‘Contrariwise,’ continued Tweedledee, ‘if it was so, it might be; and if it were so, it would be; but as it isn’t, it ain’t. That’s logic.’
‘I was thinking,’ Alice said very politely, ‘which is the best way out of this wood: it’s getting so dark. Would you tell me, please?
But the little men only looked at each other and grinned.
They looked so exactly like a couple of great schoolboys, that Alice couldn’t help pointing her finger at Tweedledum, and saying ‘First Boy!’
‘Nohow!’ Tweedledum cried out briskly, and shut his mouth up again with a snap.
‘Next Boy!’ said Alice, passing on to Tweedledee, though she felt quite certain he would only shout out ‘Contrariwise!’ and so he did.
‘You’ve been wrong!’ cried Tweedledum. ‘The first thing in a visit is to say “How d’ye do?” and shake hands!’ And here the two brothers gave each other a hug, and then they held out the two hands that were free, to shake hands with her.
Alice did not like shaking hands with either of them first, for fear of hurting the other one’s feelings; so, as the best way out of the difficulty, she took hold of both hands at once: the next moment they were dancing found in a ring. This seemed quite natural (she remembered afterwards), and she was not even surprised to hear music playing: it seemed to come from the tree under which they were dancing, and it was done (as well as she could make it out) by the branches rubbing one across the other, like fiddles and fiddlesticks.
‘But it certainly was funny,’ (Alice said afterwards, when she was telling her sister the history of all this,) ‘to find myself singing “Here we go round the mulberry bush.” I don’t know when I began it, but somehow I felt as if I’d been singing it a long long time!’
The other two dancers were fat, and very soon out of breath. ‘Four times round is enough for one dance,’ Tweedledum panted out, and they left off dancing as suddenly as they had begun: the music stopped at the same moment.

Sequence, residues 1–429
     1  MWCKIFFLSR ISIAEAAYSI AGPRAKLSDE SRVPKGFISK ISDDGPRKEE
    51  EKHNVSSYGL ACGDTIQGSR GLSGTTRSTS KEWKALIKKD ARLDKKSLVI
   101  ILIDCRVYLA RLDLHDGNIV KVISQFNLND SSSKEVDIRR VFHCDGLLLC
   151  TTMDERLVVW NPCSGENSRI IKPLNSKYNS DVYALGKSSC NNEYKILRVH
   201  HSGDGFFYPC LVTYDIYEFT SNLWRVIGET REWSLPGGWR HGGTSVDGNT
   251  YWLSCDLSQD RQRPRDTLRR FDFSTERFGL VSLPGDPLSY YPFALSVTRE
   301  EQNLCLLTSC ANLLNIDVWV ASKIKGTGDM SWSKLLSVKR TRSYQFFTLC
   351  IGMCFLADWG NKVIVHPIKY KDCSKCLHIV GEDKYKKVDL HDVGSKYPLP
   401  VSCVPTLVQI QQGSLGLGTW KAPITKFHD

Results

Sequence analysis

Then they let go of Alice’s hands, and stood looking at her for a minute: there was a rather awkward pause, as Alice didn’t know how to begin a conversation with people she had just been dancing with. ‘It would never do to say “How d’ye do?” now,’ she said to herself: ‘we seem to have got beyond that, somehow!’
‘I hope you’re not much tired?’ she said at last.
‘Nohow. And thank you very much for asking,’ said Tweedledum.
‘So much obliged!’ added Tweedledee. ‘You like poetry?’
‘Yees, pretty well – some poetry,’ Alice said doubtfully. ‘Would you tell me which road leads out of the wood?’
‘What shall I repeat to her?’ said Tweedledee, looking round at Tweedledum with great solemn eyes, and not noticing Alice’s question.
‘“The Walrus and the Carpenter” is the longest,’ Tweedledum replied, giving his brother an affectionate hug.
Tweedledee began instantly:
‘The sun was shining–’
Here Alice ventured to interrupt him. ‘If it’s very long,’ she said, as politely as she could, ‘would you please tell me first which road –’
Tweedledee smiled gently, and began again: